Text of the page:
Alba v. Colvin

Filing 12

ORDER Affirming Defendant's Decision to Deny Benefits by Judge Karen L Strombom. (TW)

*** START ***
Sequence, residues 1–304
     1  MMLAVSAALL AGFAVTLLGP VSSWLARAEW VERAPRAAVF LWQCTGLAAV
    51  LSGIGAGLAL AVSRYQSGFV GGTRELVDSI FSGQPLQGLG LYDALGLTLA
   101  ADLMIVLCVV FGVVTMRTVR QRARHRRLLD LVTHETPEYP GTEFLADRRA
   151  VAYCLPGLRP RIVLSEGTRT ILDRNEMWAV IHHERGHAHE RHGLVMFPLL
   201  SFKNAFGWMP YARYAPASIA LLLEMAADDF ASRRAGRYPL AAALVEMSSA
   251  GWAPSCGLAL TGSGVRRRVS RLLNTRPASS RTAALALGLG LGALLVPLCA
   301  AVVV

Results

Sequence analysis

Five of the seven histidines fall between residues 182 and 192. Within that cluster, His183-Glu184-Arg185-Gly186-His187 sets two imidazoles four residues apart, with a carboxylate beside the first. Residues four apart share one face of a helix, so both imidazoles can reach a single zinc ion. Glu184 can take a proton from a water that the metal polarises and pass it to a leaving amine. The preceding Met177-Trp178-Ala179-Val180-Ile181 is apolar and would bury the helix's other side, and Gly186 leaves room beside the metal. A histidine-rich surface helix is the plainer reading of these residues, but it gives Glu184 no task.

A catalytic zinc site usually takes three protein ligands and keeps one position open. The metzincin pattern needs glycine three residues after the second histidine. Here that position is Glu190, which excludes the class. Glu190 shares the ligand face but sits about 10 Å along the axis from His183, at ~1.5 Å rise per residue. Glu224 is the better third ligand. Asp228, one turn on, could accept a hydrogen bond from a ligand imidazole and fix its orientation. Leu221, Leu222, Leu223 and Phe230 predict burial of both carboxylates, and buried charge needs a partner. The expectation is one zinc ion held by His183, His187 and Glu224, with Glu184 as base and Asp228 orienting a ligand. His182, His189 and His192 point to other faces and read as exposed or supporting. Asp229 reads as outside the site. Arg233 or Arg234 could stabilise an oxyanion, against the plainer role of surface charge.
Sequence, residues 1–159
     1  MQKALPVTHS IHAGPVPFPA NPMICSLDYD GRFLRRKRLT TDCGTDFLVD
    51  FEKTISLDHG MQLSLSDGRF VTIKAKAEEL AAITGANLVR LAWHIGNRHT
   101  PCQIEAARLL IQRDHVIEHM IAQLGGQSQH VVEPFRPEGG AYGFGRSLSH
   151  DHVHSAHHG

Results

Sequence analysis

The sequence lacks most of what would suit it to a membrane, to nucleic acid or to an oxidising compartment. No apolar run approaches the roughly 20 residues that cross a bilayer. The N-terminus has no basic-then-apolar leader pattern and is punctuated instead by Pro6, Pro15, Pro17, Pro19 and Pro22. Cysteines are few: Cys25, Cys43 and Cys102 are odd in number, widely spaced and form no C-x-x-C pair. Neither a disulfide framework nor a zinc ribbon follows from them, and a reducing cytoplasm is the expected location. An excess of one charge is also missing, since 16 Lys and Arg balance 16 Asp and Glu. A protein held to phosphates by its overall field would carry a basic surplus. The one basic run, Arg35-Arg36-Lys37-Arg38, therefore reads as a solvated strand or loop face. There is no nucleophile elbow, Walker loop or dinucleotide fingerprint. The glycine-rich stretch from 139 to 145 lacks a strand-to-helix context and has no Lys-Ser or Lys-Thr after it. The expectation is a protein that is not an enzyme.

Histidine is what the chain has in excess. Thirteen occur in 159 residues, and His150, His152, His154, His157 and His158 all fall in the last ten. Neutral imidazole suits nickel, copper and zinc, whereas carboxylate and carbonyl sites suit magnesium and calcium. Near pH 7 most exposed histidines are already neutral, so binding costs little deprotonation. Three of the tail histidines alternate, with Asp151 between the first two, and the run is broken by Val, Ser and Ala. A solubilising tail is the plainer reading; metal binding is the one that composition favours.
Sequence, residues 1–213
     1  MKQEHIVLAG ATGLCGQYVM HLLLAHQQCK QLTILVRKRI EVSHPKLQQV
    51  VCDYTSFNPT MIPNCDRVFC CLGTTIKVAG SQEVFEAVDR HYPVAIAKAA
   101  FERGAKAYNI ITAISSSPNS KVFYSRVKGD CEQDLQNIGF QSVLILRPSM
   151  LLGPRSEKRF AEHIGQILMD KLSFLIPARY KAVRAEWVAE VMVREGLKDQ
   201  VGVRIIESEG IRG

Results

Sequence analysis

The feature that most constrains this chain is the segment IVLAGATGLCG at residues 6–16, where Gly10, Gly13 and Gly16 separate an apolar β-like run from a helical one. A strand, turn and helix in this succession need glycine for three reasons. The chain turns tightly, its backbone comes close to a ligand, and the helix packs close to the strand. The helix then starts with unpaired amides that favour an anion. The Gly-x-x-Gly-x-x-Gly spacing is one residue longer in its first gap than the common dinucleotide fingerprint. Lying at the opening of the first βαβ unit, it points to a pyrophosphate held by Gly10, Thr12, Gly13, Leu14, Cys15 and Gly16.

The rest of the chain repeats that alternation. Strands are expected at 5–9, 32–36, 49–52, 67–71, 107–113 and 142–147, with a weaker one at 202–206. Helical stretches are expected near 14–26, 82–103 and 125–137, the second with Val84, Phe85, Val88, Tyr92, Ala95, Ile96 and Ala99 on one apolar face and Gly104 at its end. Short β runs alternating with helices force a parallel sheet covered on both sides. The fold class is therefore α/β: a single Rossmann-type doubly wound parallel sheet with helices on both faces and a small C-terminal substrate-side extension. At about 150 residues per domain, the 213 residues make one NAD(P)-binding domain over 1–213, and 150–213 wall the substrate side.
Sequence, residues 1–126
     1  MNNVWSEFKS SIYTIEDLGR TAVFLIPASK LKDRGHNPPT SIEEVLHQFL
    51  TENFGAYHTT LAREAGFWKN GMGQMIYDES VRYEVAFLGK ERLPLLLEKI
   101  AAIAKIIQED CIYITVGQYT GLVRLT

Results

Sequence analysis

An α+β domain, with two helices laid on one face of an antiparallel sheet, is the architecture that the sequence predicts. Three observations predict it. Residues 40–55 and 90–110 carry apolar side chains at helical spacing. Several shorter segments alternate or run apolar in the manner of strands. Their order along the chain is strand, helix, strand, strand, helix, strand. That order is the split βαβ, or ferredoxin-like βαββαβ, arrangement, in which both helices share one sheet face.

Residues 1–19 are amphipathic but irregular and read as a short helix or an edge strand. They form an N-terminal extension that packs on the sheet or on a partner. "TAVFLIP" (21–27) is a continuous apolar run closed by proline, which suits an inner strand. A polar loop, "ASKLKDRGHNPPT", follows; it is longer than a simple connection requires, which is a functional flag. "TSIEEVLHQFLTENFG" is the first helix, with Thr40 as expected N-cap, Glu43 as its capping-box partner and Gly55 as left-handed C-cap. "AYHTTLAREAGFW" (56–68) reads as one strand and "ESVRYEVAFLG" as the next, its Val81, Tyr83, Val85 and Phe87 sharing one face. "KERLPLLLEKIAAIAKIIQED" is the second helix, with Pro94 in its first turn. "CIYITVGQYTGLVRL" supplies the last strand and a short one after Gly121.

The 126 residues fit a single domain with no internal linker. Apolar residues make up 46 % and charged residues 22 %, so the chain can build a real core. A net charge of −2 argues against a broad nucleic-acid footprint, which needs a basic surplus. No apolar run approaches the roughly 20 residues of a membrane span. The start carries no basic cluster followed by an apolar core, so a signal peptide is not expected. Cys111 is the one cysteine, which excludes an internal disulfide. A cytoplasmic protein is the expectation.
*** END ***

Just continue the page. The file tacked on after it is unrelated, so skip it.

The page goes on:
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1 2 3 UNITED STATES DISTRICT COURT WESTERN DISTRICT OF WASHINGTON AT TACOMA 4 5 6 CHRISTOPHER CHARLES ALBA, Case No. 3:16-cv-05618-KLS 7 8 9 Plaintiff, v. ORDER AFFIRMING DEFENDANT’S DECISION TO DENY BENEFITS CAROLYN W. COLVIN, Acting Commissioner of Social Security, 10 Defendant. 11 12 13 14 15 16 Plaintiff has brought this matter for judicial review of defendant’s denial of his application for supplemental security (SSI) benefits. The parties have consented to have this matter heard by the undersigned Magistrate Judge. 28 U.S.C. § 636(c), Federal Rule of Civil Procedure 73; Local Rule MJR 13. For the reasons set forth below, the Court finds defendant’s 17 18 decision to deny benefits should be affirmed. FACTUAL AND PROCEDURAL HISTORY 19 20 On September 19, 2013, plaintiff filed an application for SSI benefits, alleging he became 21 disabled beginning December 1, 2007. Dkt. 7, Administrative Record (AR) 11. That application 22 was denied on initial administrative review and on reconsideration. Id. 23 A hearing was held before an Administrative Law Judge (ALJ), at which plaintiff 24 appeared and testified, as did a vocational expert. AR 30-64. In a written decision dated January 25 26 30, 2015, the ALJ found that plaintiff could perform other jobs existing in significant numbers in the national economy, and therefore that he was not disabled. AR 11-25. On May 11, 2016, the ORDER - 1 1 Appeals Council denied plaintiff’s request for review of that decision, making it the 2 Commissioner’s final decision, which plaintiff then appealed in a complaint filed with this Court 3 on July 12, 2016. AR 1; Dkt. 1; 20 C.F.R. § 416.1481. 4 Plaintiff seeks reversal of the ALJ’s decision, arguing the ALJ erred in rejecting the 5 opinion of John Haroian, Ph.D. For the reasons set forth below, however, the Court disagrees 6 7 that the ALJ erred as alleged, and thus finds the decision to deny benefits should be affirmed. DISCUSSION 8 The Commissioner’s determination that a claimant is not disabled must be upheld if the 9 10 “proper legal standards” have been applied, and the “substantial evidence in the record as a 11 whole supports” that determination. Hoffman v. Heckler, 785 F.2d 1423, 1425 (9th Cir. 1986); 12 see also Batson v. Comm’r of Soc. Sec. Admin., 359 F.3d 1190, 1193 (9th Cir. 2004); Carr v. 13 Sullivan, 772 F.Supp. 522, 525 (E.D. Wash. 1991). “A decision supported by substantial 14 15 evidence nevertheless will be set aside if the proper legal standards were not applied in weighing 16 the evidence and making the decision.” Carr, 772 F.Supp. at 525 (citing Brawner v. Sec’y of 17 Health and Human Sers., 839 F.2d 432, 433 (9th Cir. 1987)). Substantial evidence is “such 18 relevant evidence as a reasonable mind might accept as adequate to support a conclusion.” 19 20 Richardson v. Perales, 402 U.S. 389, 401 (1971) (citation omitted); see also Batson, 359 F.3d at 1193. 21 22 23 The Commissioner’s findings will be upheld “if supported by inferences reasonably drawn from the record.” Batson, 359 F.3d at 1193. Substantial evidence requires the Court to 24 determine whether the Commissioner’s determination is “supported by more than a scintilla of 25 evidence, although less than a preponderance of the evidence is required.” Sorenson v. 26 Weinberger, 514 F.2d 1112, 1119 n.10 (9th Cir. 1975). “If the evidence admits of more than one ORDER - 2 1 rational interpretation,” that decision must be upheld. Allen v. Heckler, 749 F.2d 577, 579 (9th 2 Cir. 1984). That is, “[w]here there is conflicting evidence sufficient to support either outcome,” 3 the Court “must affirm the decision actually made.” Allen, 749 F.2d at 579 (quoting Rhinehart v. 4 Finch, 438 F.2d 920, 921 (9th Cir. 1971)). 5 The ALJ is responsible for determining credibility and resolving ambiguities and 6 7 conflicts in the medical evidence. Reddick v. Chater, 157 F.3d 715, 722 (9th Cir. 1998). Where 8 the evidence is inconclusive, “questions of credibility and resolution of conflicts are functions 9 solely of the [ALJ].” Sample v. Schweiker, 694 F.2d 639, 642 (9th Cir. 1982). In such situations, 10 “the ALJ’s conclusion must be upheld.” Morgan v. Comm’r of the Soc. Sec. Admin., 169 F.3d 11 595, 601 (9th Cir. 1999). Determining whether inconsistencies in the evidence “are material (or 12 are in fact inconsistencies at all) and whether certain factors are relevant to discount” medical 13 opinions “falls within this responsibility.” Id. at 603. 14 15 In resolving questions of credibility and conflicts in the evidence, an ALJ’s findings 16 “must be supported by specific, cogent reasons.” Reddick, 157 F.3d at 725. The ALJ can do this 17 “by setting out a detailed and thorough summary of the facts and conflicting clinical evidence, 18 stating his interpretation thereof, and making findings.” Id. The ALJ also may draw inferences 19 20 “logically flowing from the evidence.” Sample, 694 F.2d at 642. Further, the Court itself may draw “specific and legitimate inferences from the ALJ’s opinion.” Magallanes v. Bowen, 881 21 22 23 F.2d 747, 755, (9th Cir. 1989). The ALJ must provide “clear and convincing” reasons for rejecting the uncontradicted 24 opinion of either a treating or examining physician. Lester v. Chater, 81 F.3d 821, 830 (9th Cir. 25 1996). Even when a treating or examining physician’s opinion is contradicted, that opinion “can 26 only be rejected for specific and legitimate reasons that are supported by substantial evidence in ORDER - 3 1 the record.” Id. at 830-31. However, the ALJ “need not discuss all evidence presented” to him or 2 her. Vincent on Behalf of Vincent v. Heckler, 739 F.2d 1393, 1394-95 (9th Cir. 1984) (citation 3 omitted) (emphasis in original). The ALJ must only explain why “significant probative evidence 4 has been rejected.” Id.; see also Cotter v. Harris, 642 F.2d 700, 706-07 (3rd Cir. 1981); Garfield 5 v. Schweiker, 732 F.2d 605, 610 (7th Cir. 1984). 6 7 In general, more weight is given to a treating physician’s opinion than to the opinions of 8 those who do not treat the claimant. See Lester, 81 F.3d at 830. On the other hand, an ALJ need 9 not accept the opinion of a treating physician, “if that opinion is brief, conclusory, and 10 inadequately supported by clinical findings” or “by the record as a whole.” Batson v. Comm’r of 11 Soc. Sec. Admin., 359 F.3d 1190, 1195 (9th Cir. 2004); see also Thomas v. Barnhart, 278 F.3d 12 947, 957 (9th Cir. 2002); Tonapetyan v. Halter, 242 F.3d 1144, 1149 (9th Cir. 2001). An 13 examining physician’s opinion is “entitled to greater weight than the opinion of a nonexamining 14 15 physician.” Lester, 81 F.3d at 830-31. A non-examining physician’s opinion may constitute 16 substantial evidence if “it is consistent with other independent evidence in the record.” Id. at 17 830-31; Tonapetyan, 242 F.3d at 1149. 18 19 20 21 22 23 24 25 26 With respect to the opinion of Dr. Haroian, the ALJ found: In June 2013, psychological examiner Dr. Haroian opined that the claimant had mild or no limitations in his abilities to understand and persist with instructions, whether simple or detailed. He opined that the claimant had moderate limitations in his abilities to plan independently, to ask simple questions, to be aware of normal hazards, to make simple decisions, to perform routine tasks, to learn new tasks, or to maintain regular attendance. He opined that the claimant had marked limitations in his abilities to maintain appropriate behavior, to adapt to changes in routine, to communicate effectively in a work setting, or to complete a normal workday without psychological interruption. I give minimal weight to Dr. Haroian’s opinion, except to agree that the claimant has minimal impairment in his ability to persist with at least unskilled work activity. Dr. Haroian gave no expressed basis for his multifaceted assessment of psychological disability. During Dr. Haroian’s state agency psychological evaluation in June 2013, the claimant ORDER - 4 1 2 3 4 5 6 7 demonstrated appropriate hygiene, fair eye contact, generally normal speech, normal thought process, normal memory, and normal concentration. He engaged appropriately with Dr. Haroian. He performed “serial 7” subtractions without error. His performance on mental status testing otherwise indicated a lack of cognitive impairment. Given the disparity between his opinions and his objective findings, Dr. Haroian appears to have relied solely on the claimant’s subjective reporting of symptoms and limitations. As discussed in this decision, I find that the claimant has limited credibility regarding the debilitating severity of his symptoms and limitations. Dr. Haroian’s opinions are otherwise inconsistent with the claimant’s activities and longitudinal psychological findings . . . 8 AR 22-23 (internal citations omitted). Plaintiff argues none of the reasons the ALJ gave for not 9 giving Dr. Haroian’s opinion greater weight were proper. The Court disagrees. 10 First, as the ALJ notes Dr. Haroian did not offer any basis for the functional limitations 11 he assessed. AR 451. Plaintiff points to the findings contained in the mental status examination 12 Dr. Haroian performed, but as the ALJ again notes those findings were largely normal. AR 452- 13 53; Batson, 359 F.3d at 1195 (the ALJ need not accept opinion of even a treating physician if it 14 15 is inadequately supported by clinical findings). For the same reason – i.e., the disparity between 16 Dr. Haroian’s objective findings and the limitations he assessed – the ALJ also was not remiss in 17 assuming Dr. Haroian relied solely on plaintiff’s subjective reporting. Given that plaintiff has not 18 challenged the ALJ’s adverse credibility determination, this too was a valid basis for discounting 19 20 Dr. Haroian’s opinion. Morgan v. Comm’r of the Social Sec. Admin., 169 F.3d 595, 602 (9th Cir. 1999) (“A physician’s opinion of disability ‘premised to a large extent upon the claimant’s own 21 22 23 accounts of his symptoms and limitations’ may be disregarded where those complaints have been ‘properly discounted.’”) (quoting Fair v. Bowen, 885 F.2d 597, 605 (9th Cir.1989)). 24 Plaintiff also takes issue with the ALJ’s statement that Dr. Haroian’s opinion is otherwise 25 inconsistent with plaintiff’s activities and longitudinal psychological findings. However, plaintiff 26 has not specifically challenged the ALJ’s rejection of the other medical evidence in the record ORDER - 5 1 concerning plaintiff’s mental impairments indicative of greater functional limitations. See AR 2 18-24. Further, even if it may be true that the evidence in the record does not necessarily show 3 plaintiff’s activities are inconsistent with the limitations Dr. Haroian assessed, as just discussed, 4 the ALJ still provided valid reasons for rejecting those limitations. Accordingly, the Court finds 5 plaintiff has not established reversible error on the part of the ALJ here. 6 CONCLUSION 7 8 9 10 Based on the foregoing discussion, the Court finds the ALJ properly determined plaintiff to be not disabled. Defendant’s decision to deny benefits therefore is AFFIRMED. DATED this 5th day of January, 2017. 11 12 A 13 14 Karen L. Strombom United States Magistrate Judge 15 16 17 18 19 20 21 22 23 24 25 26 ORDER - 6